Google purposefully didn’t reveal more during this year's I/O presentation about what it’s doing with Wear OS 3 (and if any more devices are going to get it), but leading industry experts say that was a calculated decision. They note that the cyclical nature of when certain devices are launched plays a key role in why we won’t hear about the software platform until later this year.
An underlying plan?
Google announced Wear OS 3 last year and Samsung then launched the first smartwatch, the Galaxy Watch 4, to house Google’s revamped software. While there have been software updates to the Galaxy Watch 4 (one of the best smartwatches out there) over the course of the past year, there haven’t been any announcements from manufacturers that plan to use Wear OS 3.
In fact, companies like Fossil and Mobvoi have still not received the update to use Wear OS 3 on their smartwatches. Android Central reached out to these two companies, but neither responded back in time for publication.
During this year’s I/O, the only announcement regarding Wear OS 3 was the forthcoming Emergency SOS feature for Wear OS, Google Wallet (which will be available on the platform), and Google Assistant becoming available on the Galaxy Watch 4. Google did say that more watches were coming with Wear OS 3, including Fossil, Montblanc, and Mobvoi, among others, but did not indicate anything more than that.
Anshel Sag, a senior analyst at Moor Insights & Strategy, says Google likely wanted to save anything to do with Wear OS 3 for the launch of the Pixel Watch, which is slated for sometime later this year — that would include partner details.
“It buys Google more time, plus it gets to talk about Pixel Watch and then mention the adjacent brands in a lesser capacity if that’s how Google ends up positioning the Pixel Watch,” he says.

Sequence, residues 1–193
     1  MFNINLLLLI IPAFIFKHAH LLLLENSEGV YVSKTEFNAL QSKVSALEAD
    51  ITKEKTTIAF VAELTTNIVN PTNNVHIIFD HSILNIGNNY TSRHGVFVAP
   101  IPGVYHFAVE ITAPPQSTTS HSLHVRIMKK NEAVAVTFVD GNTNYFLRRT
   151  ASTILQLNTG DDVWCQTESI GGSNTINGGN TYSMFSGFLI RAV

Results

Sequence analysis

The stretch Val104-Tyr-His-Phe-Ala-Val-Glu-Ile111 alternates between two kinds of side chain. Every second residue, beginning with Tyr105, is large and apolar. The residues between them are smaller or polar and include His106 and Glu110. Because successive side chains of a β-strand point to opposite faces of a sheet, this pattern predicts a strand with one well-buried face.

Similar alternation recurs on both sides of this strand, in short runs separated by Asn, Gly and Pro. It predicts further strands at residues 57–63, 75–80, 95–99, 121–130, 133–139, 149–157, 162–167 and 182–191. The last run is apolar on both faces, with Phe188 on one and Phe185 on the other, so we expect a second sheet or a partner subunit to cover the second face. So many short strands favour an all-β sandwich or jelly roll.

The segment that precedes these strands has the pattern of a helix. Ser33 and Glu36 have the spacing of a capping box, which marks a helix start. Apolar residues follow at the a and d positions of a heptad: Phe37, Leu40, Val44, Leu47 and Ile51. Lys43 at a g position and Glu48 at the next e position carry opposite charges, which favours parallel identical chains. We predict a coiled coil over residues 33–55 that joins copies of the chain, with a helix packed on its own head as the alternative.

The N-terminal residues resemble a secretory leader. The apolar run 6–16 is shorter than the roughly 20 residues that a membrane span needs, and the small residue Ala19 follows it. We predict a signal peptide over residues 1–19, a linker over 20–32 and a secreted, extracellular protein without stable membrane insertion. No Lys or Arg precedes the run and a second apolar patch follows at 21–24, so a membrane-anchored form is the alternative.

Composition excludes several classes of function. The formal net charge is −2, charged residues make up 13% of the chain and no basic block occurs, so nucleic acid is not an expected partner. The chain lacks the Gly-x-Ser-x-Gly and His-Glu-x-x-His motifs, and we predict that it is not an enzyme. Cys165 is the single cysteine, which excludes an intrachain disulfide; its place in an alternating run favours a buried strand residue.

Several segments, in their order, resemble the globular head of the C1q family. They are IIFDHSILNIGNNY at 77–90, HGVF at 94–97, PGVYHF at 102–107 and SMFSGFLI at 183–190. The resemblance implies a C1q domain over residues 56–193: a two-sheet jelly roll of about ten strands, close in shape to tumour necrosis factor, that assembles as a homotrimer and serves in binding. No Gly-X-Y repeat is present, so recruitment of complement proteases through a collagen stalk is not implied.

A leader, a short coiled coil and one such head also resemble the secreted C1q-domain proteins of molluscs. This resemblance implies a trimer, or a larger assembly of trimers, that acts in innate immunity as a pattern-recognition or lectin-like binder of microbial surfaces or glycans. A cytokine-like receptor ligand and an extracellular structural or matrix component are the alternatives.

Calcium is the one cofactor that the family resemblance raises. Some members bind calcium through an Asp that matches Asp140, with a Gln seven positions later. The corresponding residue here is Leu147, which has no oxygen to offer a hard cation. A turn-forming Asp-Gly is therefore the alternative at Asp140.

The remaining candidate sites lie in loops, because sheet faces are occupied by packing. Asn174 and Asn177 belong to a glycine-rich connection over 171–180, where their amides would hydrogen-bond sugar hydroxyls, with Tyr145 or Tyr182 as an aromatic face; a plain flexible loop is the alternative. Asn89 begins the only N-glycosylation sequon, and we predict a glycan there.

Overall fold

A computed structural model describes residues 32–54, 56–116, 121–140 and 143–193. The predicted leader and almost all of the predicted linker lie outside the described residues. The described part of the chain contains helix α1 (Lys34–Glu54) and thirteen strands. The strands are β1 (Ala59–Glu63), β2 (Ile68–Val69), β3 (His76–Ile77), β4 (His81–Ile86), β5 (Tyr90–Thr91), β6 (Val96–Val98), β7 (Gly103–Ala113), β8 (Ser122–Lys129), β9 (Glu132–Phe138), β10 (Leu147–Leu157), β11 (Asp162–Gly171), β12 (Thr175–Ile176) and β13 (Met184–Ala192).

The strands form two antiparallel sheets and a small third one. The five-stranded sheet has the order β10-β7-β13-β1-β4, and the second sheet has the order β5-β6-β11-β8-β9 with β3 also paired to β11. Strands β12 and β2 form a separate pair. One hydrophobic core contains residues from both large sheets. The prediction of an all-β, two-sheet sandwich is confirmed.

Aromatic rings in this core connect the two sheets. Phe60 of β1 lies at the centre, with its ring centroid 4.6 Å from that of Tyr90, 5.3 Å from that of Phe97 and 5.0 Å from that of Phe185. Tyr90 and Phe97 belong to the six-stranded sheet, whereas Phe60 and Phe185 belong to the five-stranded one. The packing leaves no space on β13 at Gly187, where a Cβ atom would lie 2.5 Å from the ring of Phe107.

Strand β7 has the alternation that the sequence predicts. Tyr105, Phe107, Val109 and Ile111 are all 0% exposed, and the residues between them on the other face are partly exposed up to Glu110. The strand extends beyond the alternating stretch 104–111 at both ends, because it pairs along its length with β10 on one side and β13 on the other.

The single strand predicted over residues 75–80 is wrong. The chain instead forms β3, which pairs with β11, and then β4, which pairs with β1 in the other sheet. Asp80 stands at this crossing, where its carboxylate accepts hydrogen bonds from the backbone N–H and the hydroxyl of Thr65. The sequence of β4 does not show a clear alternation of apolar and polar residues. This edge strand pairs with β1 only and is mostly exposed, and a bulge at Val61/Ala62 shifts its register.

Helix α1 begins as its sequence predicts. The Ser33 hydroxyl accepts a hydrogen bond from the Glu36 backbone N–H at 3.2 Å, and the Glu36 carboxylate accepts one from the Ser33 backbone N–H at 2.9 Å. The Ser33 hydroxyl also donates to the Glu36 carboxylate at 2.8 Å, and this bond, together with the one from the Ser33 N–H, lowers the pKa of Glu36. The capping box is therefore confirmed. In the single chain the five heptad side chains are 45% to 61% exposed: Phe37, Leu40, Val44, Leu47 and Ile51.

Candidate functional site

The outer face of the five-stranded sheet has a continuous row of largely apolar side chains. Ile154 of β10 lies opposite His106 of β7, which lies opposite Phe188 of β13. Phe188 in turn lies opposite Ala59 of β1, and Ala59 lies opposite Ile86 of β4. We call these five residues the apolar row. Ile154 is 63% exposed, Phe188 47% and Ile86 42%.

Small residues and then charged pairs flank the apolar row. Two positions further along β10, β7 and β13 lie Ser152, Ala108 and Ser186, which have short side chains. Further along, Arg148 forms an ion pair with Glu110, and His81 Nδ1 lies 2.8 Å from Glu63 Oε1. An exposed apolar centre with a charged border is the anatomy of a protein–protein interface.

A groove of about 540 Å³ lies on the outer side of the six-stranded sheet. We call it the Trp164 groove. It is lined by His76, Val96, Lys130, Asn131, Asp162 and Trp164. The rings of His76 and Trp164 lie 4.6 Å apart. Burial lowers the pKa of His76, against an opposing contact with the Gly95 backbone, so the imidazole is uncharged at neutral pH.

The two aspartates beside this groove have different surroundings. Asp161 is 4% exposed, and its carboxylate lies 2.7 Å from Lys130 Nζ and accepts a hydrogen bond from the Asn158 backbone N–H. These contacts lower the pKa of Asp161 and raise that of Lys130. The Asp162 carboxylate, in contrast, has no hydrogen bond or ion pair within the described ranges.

Part of this decision is also because Wear OS 3 isn’t very new, Sujeong Lim, research analyst at Counterpoint Research, points out.
She notes that because it’s been around since last year’s Galaxy Watch 4 series, Google “probably wouldn’t have had to take it seriously this year at I/O.”
Watchmakers are targeting the holiday season
Jitesh Ubrani, research manager for IDC's worldwide device tracker, notes that most manufacturers watch the nature of when products are typically launched to make major announcements about hardware and software.
Ubrani says that like many other products, the smartwatch market tends to be seasonal and as such, brands typically release products in the second half of the year.
“Making a big splash with Wear OS 3 now without product availability could sour some users or set the wrong expectations. Google’s partners are also likely to appreciate the lack of emphasis. Google teased the OS and products, but now partners have time to shape their products, marketing materials, and help set consumer expectations,” he says.
Ubrani adds that Google is also likely working with other smartphone vendors to create more Wear OS watches.
“The initial devices we see from Pixel, Samsung, Fossil, and others will also serve as a proof of concept for other partners so it’s important Google gets this right,” he notes.
Sag agrees, adding that because partners are looking to sell during the holiday season, that will likely be when hardware announcements will be made along with more news about Wear OS 3.
Not a big deal: Google might be using an older chip for the Pixel Watch
Recently, 9to5Google reported that a striking and surprising feature of the Pixel Watch is that Google plans to use an older SoC: most likely Samsung’s Exynos 9110 chipset, which first debuted in 2018 alongside the original Galaxy Watch.
This might come across as shocking or even confusing because consumers might not be attracted to a watch that has 2022 looks but houses 2018 hardware.